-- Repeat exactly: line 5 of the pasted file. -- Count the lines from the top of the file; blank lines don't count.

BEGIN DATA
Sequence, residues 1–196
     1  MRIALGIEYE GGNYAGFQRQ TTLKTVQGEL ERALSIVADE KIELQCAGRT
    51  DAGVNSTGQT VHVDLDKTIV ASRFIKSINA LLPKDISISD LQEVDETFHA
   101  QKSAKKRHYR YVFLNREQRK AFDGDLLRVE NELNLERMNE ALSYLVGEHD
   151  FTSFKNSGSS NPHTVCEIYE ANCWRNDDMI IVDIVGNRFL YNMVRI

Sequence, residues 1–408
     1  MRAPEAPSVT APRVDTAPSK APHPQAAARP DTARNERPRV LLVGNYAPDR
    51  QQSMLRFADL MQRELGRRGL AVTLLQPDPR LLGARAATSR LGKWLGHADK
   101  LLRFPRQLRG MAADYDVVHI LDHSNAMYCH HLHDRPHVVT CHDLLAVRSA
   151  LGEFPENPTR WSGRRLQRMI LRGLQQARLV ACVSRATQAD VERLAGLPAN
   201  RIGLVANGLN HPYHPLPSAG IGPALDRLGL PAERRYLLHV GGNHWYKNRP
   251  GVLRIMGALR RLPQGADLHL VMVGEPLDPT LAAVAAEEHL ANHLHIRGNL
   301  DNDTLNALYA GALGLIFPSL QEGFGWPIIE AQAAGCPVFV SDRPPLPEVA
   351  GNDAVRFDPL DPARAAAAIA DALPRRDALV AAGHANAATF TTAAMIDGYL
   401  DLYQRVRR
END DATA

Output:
   151  FTSFKNSGSS NPHTVCEIYE ANCWRNDDMI IVDIVGNRFL YNMVRI